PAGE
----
Feb. 22, 2013 at 4:58 AM ET
Every fall for the past 31 years, Russell Belding has watched as mobs of tourists board buses outside his office at the Department of Motor Vehicles in Montpelier, Vt.
He knows they come seeking the brilliant hues of the autumn leaves for which his state is famous. But to Belding, 53, who has a red-green color vision defect, the marvelous views are just meh.
“I’m in Vermont and every October I could never understand what they were talking about,” he says.
This year, that may change. Belding is among first fans of new glasses that were made to boost the vision of health care workers, but appear to have a side effect of correcting for the genetic condition known as color blindness.
“It made everything make sense,” says Belding, who tried a pair of the Oxy-Iso lenses made by 2A1 Labs, the Boise, Idaho, firm founded by theoretical neurobiologist Mark Changizi and his partner, Tim Barber.
Changizi and Barber developed new lenses based on Changizi’s novel theory about how human color vision evolved in the first place. For years, the leading notion was that the way humans see color developed to help people spot tempting fruits and foliage to eat. In 2006, however, Changizi and his colleagues proposed that color vision actually developed to help us discern emotional states -- rage in enemies, ardor in lovers -- by viewing changes in the blood beneath the skin.
“It’s about what underlies the spectral changes on your skin when you blush and blanch and have health changes,” Changizi explains.
Based on that concept, the new trio of glasses called O2Amps was designed to enhance two types of blood signals: the level of oxygenation in the blood and the variations in the concentration of the blood.
They were made largely with medical workers in mind, Changizi says. The glasses have been used to help health workers find shy veins, for instance, and to help doctors identify bruising that might not be apparent to the naked eye.
But when Changizi was testing the lenses last fall, a funny thing happened. Users who are among the 8 percent of men and 0.5 percent of women who have color vision deficiency started telling him that the glasses helped in that arena, too.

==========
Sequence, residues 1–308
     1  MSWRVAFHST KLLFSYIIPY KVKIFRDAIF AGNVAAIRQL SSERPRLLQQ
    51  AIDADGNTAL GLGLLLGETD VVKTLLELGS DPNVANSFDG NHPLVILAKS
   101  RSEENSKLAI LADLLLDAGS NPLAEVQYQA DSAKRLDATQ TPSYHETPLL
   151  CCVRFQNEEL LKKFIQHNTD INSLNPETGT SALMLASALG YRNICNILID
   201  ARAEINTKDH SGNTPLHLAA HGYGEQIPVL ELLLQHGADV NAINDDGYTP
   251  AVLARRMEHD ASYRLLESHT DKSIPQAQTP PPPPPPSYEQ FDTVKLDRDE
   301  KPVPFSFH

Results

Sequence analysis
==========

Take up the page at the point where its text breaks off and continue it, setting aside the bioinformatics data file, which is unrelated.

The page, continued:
In those folks, mutations in certain genes affect the photopigments contained in the light-receptor cells known as cones, limiting the spectrum of color they can see.
Surprised, Changizi started seeking color blind volunteers on Twitter and elsewhere, just to see.
Daniel Bor, a fellow neuroscientist who works at the University of Sussex in England, agreed to try. He’s coped with color blindness for years, avoiding certain socks and enlisting his wife for wardrobe help. Immediately, there was a profound difference, Bor says.
“It was reasonably striking when I first put them on,” he says.
His wife’s lips suddenly looked different, “very pink,” he says. Her orange sweater became quite vibrant.
“Suddenly, colors that looked quite dead and dull were sort of screaming out to me,” he says.
It turns out that the lenses amplify the hues that are muted by red-green color vision deficiency. Color blindness, it turns out, comes in two primary varieties: red-green defects and blue-yellow defects. (Some people do have a third kind, a complete lack of color vision -- achromatopsia -- which affects about 1 in every 30,000 humans, mostly in Micronesia, the National Institutes of Health says.)
For people with red-green colorblindness, using the Oxy-Iso lenses produces a striking effect -- but there’s also a downside. The glasses may boost red-green hues, but they do it at the expense of blue-yellow hues. So while Bor may have seen his wife’s lips in a new light, he couldn’t see the yellow light on the family’s baby monitor at all.
“When I tried it more comprehensively, it became more distressing,” he says.
Ophthalmology experts say this is hardly the first time that glasses that filter light have been suggested as a cure for color blindness -- and they’re not pleased that the subject has come up again.
“It’s not new and it doesn’t work,” is the blunt assessment of Dr. Michael Marmor, a professor of ophthalmology at Stanford University and a spokesman for the American Academy of Ophthalmology.
The glasses may boost discrimination enough so that people with color deficiencies can pass the standard Ishihara color vision test for the disorder. But they don’t do anything to correct the condition itself, and it’s not clear they need to, Marmor adds.
“They can see colors,” Marmor says, noting that the hue problems range widely. “It’s not a huge issue for most people.”
There’s danger in boosting certain hues at the expense of others, so no one should use these glasses for daily vision, Marmor notes.
Changizi agrees. He never set out to market his $300 glasses to color blind consumers and he’s the first to say they shouldn’t be used for daily wear. But he’s also received orders from hundreds of hue-impaired users in recent weeks, so there must be some demand, he says.
For Bor, the Sussex neuroscientist, the best use of the O2Amp glasses might be when he’s particularly interested in appreciating colors.
“If I went to an art gallery or I went to a flower show, I would definitely take them. I’d see things obviously in a new light,” he says.
Russell Belding, the Vermont DMV worker who was first identified as color deficient at age 5, says that’s how he’d use them, too.
“I’ve sort of been walking through life dull as far as my eyes were concerned,” Belding says. “Maybe this will sort of fix that.”